Police killed two gunmen in Burundi’s capital after a heavy exchange of fire, police said the latest in a series of incidents that have raised fears of a new rebellion in the coffee producing nation.
Burundi has enjoyed relative peace since the former Hutu hardline rebel Forces for National Liberation (FNL) laid down their weapons and joined the government in 2009 after two decades of civil war that claimed the lives of 300,000 people.
One of the men killed in Monday’s shootout was an ex-police officer and security guard for former FNL boss Agathon Rwasa, police spokesman Pierre Channel Ntarabaganyi said, Reuters reports.
Rwasa disappeared from Bujumbura in June last year after boycotting presidential elections that he said would be rigged. A U.N. report last year said Rwasa and a number of allies had moved to neighbouring Democratic Republic of Congo.
“We got information that there were people holding guns hidden in one house in Kinindo district. Police ordered them to surrender but they started shooting,” Ntarabaganyi told reporters.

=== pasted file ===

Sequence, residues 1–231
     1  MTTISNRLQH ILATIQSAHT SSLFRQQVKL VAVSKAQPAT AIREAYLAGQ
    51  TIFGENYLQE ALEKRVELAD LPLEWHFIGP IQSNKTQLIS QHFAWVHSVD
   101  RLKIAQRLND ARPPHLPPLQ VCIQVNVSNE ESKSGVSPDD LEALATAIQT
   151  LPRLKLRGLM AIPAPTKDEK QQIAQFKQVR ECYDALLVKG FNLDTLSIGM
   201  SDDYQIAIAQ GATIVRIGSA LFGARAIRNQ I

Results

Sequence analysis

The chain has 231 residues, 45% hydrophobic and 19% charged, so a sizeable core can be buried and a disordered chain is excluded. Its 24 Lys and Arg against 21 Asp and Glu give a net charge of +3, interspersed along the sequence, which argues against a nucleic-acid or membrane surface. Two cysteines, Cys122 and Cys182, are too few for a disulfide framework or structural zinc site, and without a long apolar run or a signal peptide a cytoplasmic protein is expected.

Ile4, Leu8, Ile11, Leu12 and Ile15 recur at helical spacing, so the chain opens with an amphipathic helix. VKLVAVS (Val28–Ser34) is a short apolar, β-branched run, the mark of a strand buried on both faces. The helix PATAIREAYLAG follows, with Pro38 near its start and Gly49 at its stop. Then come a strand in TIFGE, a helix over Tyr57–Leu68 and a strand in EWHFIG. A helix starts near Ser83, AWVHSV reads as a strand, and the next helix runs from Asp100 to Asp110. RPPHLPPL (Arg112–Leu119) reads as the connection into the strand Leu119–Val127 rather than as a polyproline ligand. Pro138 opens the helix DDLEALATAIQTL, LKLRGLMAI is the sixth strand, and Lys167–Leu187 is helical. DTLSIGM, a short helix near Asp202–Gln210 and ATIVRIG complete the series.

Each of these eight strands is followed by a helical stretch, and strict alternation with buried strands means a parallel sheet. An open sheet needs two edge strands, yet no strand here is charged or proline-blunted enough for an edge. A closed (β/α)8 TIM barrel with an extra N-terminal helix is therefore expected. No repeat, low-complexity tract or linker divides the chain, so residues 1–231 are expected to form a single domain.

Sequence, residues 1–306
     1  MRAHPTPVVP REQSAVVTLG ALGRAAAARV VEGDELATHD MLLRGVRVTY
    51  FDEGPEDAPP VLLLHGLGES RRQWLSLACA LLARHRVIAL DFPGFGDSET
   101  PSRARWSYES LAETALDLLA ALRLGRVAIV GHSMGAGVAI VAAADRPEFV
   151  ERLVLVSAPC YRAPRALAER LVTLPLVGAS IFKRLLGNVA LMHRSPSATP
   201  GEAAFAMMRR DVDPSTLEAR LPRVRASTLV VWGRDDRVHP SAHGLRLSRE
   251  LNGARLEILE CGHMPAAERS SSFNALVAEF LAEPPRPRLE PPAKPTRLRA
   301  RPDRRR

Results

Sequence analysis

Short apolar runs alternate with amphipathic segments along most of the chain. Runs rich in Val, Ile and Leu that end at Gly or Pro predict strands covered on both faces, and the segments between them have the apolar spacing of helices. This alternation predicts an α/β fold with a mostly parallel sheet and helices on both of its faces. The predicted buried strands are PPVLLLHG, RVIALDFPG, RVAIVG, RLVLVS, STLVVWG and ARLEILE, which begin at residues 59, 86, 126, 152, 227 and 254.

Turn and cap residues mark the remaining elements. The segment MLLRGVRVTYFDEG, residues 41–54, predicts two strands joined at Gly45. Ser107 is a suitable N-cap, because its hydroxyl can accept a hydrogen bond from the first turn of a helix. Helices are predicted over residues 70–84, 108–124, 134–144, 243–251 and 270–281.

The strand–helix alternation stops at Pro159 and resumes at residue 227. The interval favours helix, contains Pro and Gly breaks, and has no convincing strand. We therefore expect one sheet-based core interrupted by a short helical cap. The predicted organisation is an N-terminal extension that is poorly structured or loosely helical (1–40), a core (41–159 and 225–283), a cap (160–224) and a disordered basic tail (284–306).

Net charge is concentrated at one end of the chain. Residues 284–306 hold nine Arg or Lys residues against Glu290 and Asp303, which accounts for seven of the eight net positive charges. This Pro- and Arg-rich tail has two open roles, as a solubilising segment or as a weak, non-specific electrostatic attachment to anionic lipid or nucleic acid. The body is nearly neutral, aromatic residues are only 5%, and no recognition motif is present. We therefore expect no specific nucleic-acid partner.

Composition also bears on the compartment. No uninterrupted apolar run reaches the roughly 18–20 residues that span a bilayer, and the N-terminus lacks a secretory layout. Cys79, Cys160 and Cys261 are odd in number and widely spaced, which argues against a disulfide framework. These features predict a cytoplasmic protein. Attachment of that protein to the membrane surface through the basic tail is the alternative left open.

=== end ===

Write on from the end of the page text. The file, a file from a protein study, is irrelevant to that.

“Police were obliged to return fire, killed two of them and arrested three others,” he said, adding that two guns and one hand grenade were seized in the operation.
Attacks against civilians, police and soldiers have increased in recent months. The authorities blame bandits for the attacks, but human rights organisations and some political parties said they bear the hallmarks of a new insurgency.
More people are also demanding that President Pierre Nkurunziza start talks with the opposition leaders who fled the country after the 2010 elections.
Last month, a coalition of opposition parties known as the Alliance for Democratic Change (ADC) called on South African President Jacob Zuma, who was a chief mediator in peace talks, to persuade Nkurunziza to start talks with the opposition.